Benzodiazepines for neuroleptic-induced acute akathisia

Akathisia is a common and distressing adverse effect of many antipsychotic drugs. It is characterised by restlessness and mental unease, which can be intense. It is associated with patterns of restless, including rocking, walking on the spot when standing, shuffling, or swinging one leg on the other when sitting. People may constantly pace up and down in an attempt to relieve the sense of unrest. Several strategies have been used to decrease akathisia, and this review is one in a series over viewing the effects of drug treatments. Evidence for the use of benzodiazepines is so limited that no firm treatment recommendations are possible, although there may be some effects that are worthy of further investigation.

Authors' conclusions: 

Over a short follow-up period, the use of benzodiazepines may reduce the symptoms of antipsychotic-induced acute akathisia. This review highlights the need for well designed, conducted and reported clinical trials to address the claims of open studies.

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Background: 

Neuroleptic-induced akathisia is one of the most common and distressing early-onset adverse effects of antipsychotic drugs, being associated with poor compliance with treatment, and thus, ultimately, to an increase risk of relapse. This review assesses the role of benzodiazepines in the pharmacological treatment of this problem.

Objectives: 

To determine the effects of benzodiazepines versus placebo for people with neuroleptic-induced acute akathisia.

Search strategy: 

Biological Abstracts (January 1982-March 1999), The Cochrane Library (Issue 3 1999), The Cochrane Schizophrenia Group's Register (May 2001), EMBASE (January 1980-March 1999), LILACS (January 1982-March 1999), MEDLINE (January 1964-March 1999), PsycLIT (January 1974-March 1999), and SCISEARCH were searched. Further references were sought from published trials and their authors.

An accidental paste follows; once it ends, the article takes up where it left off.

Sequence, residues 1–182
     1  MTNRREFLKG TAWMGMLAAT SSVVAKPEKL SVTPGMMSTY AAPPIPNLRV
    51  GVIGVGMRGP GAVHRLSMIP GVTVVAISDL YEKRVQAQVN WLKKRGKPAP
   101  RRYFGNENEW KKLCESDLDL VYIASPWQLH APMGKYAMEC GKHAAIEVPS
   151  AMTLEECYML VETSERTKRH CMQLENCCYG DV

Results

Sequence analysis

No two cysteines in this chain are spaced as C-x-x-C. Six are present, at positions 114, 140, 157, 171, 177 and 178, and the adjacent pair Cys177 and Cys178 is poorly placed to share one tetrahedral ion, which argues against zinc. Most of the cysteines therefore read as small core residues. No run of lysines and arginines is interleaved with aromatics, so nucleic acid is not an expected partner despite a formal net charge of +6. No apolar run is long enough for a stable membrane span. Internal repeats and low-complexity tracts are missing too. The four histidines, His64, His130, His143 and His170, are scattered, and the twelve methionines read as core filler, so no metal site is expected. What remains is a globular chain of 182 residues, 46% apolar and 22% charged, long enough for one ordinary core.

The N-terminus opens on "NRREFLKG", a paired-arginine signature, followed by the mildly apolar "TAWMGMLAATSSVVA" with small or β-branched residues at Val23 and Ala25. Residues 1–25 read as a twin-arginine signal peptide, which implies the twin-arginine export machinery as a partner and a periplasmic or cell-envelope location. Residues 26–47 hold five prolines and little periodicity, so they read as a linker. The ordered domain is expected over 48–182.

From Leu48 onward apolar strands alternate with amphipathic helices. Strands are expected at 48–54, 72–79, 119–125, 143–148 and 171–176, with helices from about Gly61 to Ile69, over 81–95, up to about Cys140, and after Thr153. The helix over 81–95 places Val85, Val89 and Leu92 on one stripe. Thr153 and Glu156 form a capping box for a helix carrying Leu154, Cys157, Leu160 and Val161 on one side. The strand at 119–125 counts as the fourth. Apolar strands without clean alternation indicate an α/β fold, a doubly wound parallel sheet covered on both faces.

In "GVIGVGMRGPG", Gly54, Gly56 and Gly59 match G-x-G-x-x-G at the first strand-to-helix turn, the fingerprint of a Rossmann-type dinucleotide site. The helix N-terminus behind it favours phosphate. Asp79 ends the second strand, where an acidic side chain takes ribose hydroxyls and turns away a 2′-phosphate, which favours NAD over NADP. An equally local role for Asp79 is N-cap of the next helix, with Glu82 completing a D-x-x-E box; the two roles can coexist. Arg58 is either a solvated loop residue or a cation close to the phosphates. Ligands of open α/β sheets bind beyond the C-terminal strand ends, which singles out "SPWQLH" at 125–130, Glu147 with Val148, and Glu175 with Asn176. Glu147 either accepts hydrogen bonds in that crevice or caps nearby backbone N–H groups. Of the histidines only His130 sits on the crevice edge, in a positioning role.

Selection criteria: 

All randomised clinical trials comparing benzodiazepines with placebo for people with antipsychotic-induced acute akathisia.

Data collection and analysis: 

Two reviewers, working independently, selected, quality assessed and extracted data. These data were then analysed on an intention-to-treat basis. For homogeneous dichotomous data the fixed effects relative risk (RR), the 95% confidence intervals (CI) and, where appropriate, the number needed to treat (NNT) were calculated on an intention-to-treat basis. For continuous data, reviewers calculated weighted mean differences.

Main results: 

Two small (total N=27) randomised controlled trials were included. By seven to 14 days, there was a reduction in symptoms for those patients receiving clonazepam compared with placebo (2 RCTs, N=26, RR 0.09 CI 0.01 to 0.6, NNT 1.2 CI 0.9 to 1.5). No significant difference was found for adverse events (2 RCTs, N=26, RR 3.00 CI 0.2 to 62) or the need for anticholinergic medication (2 RCTs, N=26, RR 1.56 CI 0.9 to 2.7). No one left the two studies early. Data on mental, social and family outcomes could not be pooled and there was little or no data on user satisfaction, deaths, violence, criminal behaviour and costs.

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